Job providers from across the state show broad support for UI package
December 14, 2011
The Legislature took action this morning to attack Michigan’s $3.2 billion debt for its 100 percent employer-financed unemployment insurance (UI) system. The House Commerce Committee voted earlier today on Senate Bills 483, 484 and 806 which combine cost-saving reforms with funding solutions. The full House is expected to vote on the package as early as this afternoon.
Committee Chair Wayne Schmidt accepted nearly 300 cards from individual job providers in support of the comprehensive UI reform package.
The package is supported by a broad coalition of job-providers as a fair and balanced solution that will ensure adequate benefits to individuals unemployed due to no fault of their own while keeping UI costs affordable for job providers and competitive with other states. Nearly 300 individual job providers and organizations from across the state voiced their support in committee for passage of a comprehensive solution, including:
• Small Business Association of Michigan
• Michigan Chamber of Commerce
• Michigan Manufacturers Association
• National Federation of Independent Business – Michigan
• Associated Builders and Contractors of Michigan
• Detroit Regional Chamber of Commerce
• Grand Rapids Chamber of Commerce
• Lansing Chamber of Commerce
• Michigan Association of Home Builders
• Michigan Association of Independent Insurance Agents
• Michigan Business and Professional Association
• Michigan Grocers Association
• Michigan Restaurant Association
• Michigan Retailers Association
The crisis in Michigan’s UI system was exacerbated by the recent economic downturn, which forced the state to borrow more than $3.2 billion from the federal government to fund UI benefits. Left unchecked, reimbursements of these federal funds, plus interest, will trigger higher, across-the-board state and federal UI taxes on job providers for years to come, and will not address the underlying issues that created the crisis.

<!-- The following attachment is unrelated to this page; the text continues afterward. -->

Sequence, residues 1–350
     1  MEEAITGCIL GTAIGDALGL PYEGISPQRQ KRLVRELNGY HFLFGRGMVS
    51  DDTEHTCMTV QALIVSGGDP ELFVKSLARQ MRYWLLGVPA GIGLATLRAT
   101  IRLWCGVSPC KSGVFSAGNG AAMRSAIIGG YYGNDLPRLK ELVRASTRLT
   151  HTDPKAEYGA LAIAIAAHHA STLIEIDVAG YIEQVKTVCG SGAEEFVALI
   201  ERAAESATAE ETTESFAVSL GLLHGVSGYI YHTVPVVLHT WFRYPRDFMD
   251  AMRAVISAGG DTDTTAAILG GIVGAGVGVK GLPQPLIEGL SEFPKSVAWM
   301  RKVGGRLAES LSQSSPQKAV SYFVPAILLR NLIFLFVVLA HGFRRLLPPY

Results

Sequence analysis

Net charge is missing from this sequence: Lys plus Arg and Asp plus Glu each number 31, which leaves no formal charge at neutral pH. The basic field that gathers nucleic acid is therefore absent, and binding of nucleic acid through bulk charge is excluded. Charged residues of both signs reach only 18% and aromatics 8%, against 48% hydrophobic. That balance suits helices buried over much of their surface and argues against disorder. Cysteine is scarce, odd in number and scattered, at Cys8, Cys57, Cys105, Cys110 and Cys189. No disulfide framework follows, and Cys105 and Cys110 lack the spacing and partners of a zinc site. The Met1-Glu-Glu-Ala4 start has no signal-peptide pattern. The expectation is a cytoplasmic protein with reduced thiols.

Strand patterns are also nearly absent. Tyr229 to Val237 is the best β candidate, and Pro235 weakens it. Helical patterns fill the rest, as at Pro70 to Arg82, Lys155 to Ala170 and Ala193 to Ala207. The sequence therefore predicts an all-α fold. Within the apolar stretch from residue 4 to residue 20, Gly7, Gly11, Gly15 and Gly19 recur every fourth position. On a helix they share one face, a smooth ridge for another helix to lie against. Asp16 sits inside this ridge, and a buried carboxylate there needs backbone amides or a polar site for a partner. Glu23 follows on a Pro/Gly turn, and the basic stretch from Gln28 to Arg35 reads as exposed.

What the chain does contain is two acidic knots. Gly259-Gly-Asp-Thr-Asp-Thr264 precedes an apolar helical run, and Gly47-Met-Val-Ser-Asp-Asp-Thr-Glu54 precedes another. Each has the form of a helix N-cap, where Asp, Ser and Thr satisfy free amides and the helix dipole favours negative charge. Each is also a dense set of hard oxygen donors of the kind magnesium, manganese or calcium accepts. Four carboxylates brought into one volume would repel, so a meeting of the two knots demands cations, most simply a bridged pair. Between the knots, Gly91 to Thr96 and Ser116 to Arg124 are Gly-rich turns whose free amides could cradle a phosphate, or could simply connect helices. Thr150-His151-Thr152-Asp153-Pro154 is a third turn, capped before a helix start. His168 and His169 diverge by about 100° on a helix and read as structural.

The UI problem must be addressed because it impedes Michigan’s economic recovery and the ability of job-providers to get the unemployed back to work, creating a barrier to job growth and investment in Michigan. Senate Bills 483, 484 and 806 directly attack the $3.2 billion crisis by authorizing a bonding solution. These bills also reform the UI system by tackling many of the underlying issues that make Michigan’s UI system slower, more expensive and less effective than neighboring states, and similar transaction processes, including:
• Implementing strict penalties for claimants who scam or defraud the system;
• Tightening eligibility rules for unemployment;
• Adding requirements to ensure individuals are available for, and actively seeking, work;
• Prohibiting claimants from refusing work because they can make a comparable amount on unemployment; and
• Specifying UI fraud is a felony.
Now is the time for the Legislature to act. Senate Bills 483, 484 and 806 address a critical issue that is a stumbling block to Michigan’s reinvention and legislators are urged to vote in support of this comprehensive solution to the current crisis in the UI system.
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